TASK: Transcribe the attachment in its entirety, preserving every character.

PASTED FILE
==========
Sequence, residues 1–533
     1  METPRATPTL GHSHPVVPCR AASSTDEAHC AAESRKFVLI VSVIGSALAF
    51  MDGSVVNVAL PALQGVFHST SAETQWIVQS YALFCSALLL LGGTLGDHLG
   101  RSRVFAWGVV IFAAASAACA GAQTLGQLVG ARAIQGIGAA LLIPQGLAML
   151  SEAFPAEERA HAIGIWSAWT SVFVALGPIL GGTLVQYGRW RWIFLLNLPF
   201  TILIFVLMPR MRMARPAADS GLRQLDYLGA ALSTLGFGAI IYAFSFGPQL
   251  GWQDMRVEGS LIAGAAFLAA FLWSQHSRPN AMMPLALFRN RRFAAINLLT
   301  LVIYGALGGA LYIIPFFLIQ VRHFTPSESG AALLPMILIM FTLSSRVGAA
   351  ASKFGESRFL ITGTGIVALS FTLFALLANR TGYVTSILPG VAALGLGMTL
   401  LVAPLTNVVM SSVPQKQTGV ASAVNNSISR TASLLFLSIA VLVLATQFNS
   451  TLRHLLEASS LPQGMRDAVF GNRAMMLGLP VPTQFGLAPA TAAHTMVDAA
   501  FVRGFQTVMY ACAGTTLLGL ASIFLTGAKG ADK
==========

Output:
Sequence, residues 1–533
     1  METPRATPTL GHSHPVVPCR AASSTDEAHC AAESRKFVLI VSVIGSALAF
    51  MDGSVVNVAL PALQGVFHST SAETQWIVQS YALFCSALLL LGGTLGDHLG
   101  RSRVFAWGVV IFAAASAACA GAQTLGQLVG ARAIQGIGAA LLIPQGLAML
   151  SEAFPAEERA HAIGIWSAWT SVFVALGPIL GGTLVQYGRW RWIFLLNLPF
   201  TILIFVLMPR MRMARPAADS GLRQLDYLGA ALSTLGFGAI IYAFSFGPQL
   251  GWQDMRVEGS LIAGAAFLAA FLWSQHSRPN AMMPLALFRN RRFAAINLLT
   301  LVIYGALGGA LYIIPFFLIQ VRHFTPSESG AALLPMILIM FTLSSRVGAA
   351  ASKFGESRFL ITGTGIVALS FTLFALLANR TGYVTSILPG VAALGLGMTL
   401  LVAPLTNVVM SSVPQKQTGV ASAVNNSISR TASLLFLSIA VLVLATQFNS
   451  TLRHLLEASS LPQGMRDAVF GNRAMMLGLP VPTQFGLAPA TAAHTMVDAA
   501  FVRGFQTVMY ACAGTTLLGL ASIFLTGAKG ADK